The first “Wolfson College-Cambridge, Professor Sir David Williams, European Legal Dialogues” has been concluded with great success
The first “Wolfson College-Cambridge, Professor Sir David Williams, European Legal Dialogue” took place on Tuesday 27 June, 2017 at Roger Needham Room of Wolfson College, under the title "The contribution of Judges to the development of Public Law". The event was presided by The Right Honorable Lord Justice John Laws and proved to be a great success attracting more than forty distinguished guests who participated in an active and vibrant scientific discussion.
The idea of the events in memory of Professor Sir David Williams -former President of the College, Vice Chancellor of the University and former President of the European Scientific Council of the EPLO- was to contribute in the homogenization of the understanding of Law in a pan-European and globalized world and to promote the idea that despite differences in local legal systems tainted mainly by history and procedural differences, the Law derives from the same principles, concepts and ideas.
The essential questions that were tackled in this first event ranged from whether and how the courts contribute to the development of public law to if they are entitled to do so and to their effectiveness of doing so. The event was organized as a three hour discussion of Socratic-platonic character led and animated by the Right Honorable Lord Justice John Laws, between two distinguished personalities, in this case Professors Sabino Cassese and Paul Craig, with the participation of invited discussants in this case the Professors: Jean Bernard Auby, Luis Maria Diez Picazo, Ana Maria Guerra Martins and Martin Nettesheim. The event started at 3pm and was concluded by 6pm. A formal dinner for registered participants followed as part of the College's formal dinner of the day.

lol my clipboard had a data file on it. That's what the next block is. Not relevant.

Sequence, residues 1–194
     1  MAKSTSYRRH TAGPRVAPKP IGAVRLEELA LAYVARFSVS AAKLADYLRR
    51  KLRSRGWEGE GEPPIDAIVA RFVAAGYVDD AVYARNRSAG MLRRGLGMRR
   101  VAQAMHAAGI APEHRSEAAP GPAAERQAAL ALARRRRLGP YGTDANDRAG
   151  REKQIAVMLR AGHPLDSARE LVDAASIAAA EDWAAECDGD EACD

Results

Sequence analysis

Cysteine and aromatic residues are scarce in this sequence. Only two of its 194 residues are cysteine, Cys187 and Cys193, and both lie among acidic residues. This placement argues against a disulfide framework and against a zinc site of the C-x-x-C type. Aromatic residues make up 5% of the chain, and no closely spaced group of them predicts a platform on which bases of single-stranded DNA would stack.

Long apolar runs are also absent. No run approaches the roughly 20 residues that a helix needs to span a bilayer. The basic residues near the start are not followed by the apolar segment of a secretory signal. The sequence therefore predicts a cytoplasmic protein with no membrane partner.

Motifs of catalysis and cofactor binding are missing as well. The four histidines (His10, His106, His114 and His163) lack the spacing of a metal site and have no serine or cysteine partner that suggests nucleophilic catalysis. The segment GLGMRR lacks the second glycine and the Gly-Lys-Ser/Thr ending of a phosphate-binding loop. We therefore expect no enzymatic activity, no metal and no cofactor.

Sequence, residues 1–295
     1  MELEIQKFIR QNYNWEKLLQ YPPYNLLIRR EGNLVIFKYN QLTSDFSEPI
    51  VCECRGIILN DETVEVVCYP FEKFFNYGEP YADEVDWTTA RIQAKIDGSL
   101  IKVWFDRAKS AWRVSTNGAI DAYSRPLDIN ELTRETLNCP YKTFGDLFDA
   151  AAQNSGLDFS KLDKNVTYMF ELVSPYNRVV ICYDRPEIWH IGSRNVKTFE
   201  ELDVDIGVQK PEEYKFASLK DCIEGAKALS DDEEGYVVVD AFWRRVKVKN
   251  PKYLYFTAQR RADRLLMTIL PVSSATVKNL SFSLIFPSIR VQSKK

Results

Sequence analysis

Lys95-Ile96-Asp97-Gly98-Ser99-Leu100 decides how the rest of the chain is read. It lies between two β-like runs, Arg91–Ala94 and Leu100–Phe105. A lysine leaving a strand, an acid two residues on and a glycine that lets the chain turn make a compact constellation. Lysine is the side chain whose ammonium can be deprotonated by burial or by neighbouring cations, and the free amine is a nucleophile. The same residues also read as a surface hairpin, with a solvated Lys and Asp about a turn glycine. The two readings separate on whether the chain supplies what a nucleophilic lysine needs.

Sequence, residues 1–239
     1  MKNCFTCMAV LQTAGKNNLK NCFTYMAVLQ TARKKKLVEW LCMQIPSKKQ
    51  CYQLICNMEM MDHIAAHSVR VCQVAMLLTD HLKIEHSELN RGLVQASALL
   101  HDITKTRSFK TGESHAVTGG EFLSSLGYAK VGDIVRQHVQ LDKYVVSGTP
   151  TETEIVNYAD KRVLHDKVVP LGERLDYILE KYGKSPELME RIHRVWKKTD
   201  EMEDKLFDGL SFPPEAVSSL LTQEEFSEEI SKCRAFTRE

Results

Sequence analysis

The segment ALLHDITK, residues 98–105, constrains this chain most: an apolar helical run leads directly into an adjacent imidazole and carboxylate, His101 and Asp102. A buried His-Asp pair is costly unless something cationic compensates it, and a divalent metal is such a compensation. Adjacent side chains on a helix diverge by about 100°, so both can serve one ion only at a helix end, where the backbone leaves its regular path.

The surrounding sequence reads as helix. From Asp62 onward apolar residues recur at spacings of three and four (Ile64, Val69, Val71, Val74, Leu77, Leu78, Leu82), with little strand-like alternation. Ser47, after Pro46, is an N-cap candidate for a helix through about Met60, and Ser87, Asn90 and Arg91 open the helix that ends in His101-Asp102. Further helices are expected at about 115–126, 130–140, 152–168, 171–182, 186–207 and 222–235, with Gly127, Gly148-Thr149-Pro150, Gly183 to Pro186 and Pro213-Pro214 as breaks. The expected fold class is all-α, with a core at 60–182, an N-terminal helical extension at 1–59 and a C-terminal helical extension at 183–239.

The “Wolfson College Cambridge, Professor Sir David Williams, European Legal Dialogues” is a project directed by the Professors David Feldman and Spyridon Flogaitis, under the scientific secretariat of Prof. Georgios Gerapetritis and coordinated by the European Public Law Organization (EPLO).
This project would not have been realized without the active participation, ideas and sponsorship of the following eminent academic and publishing institutions: Wolfson College Cambridge, Université Bordeaux-Montesquieu, the Centre for Public Law of the Faculty of Law, Cambridge, and the European Law and Governance School of the EPLO and Hart Publishing.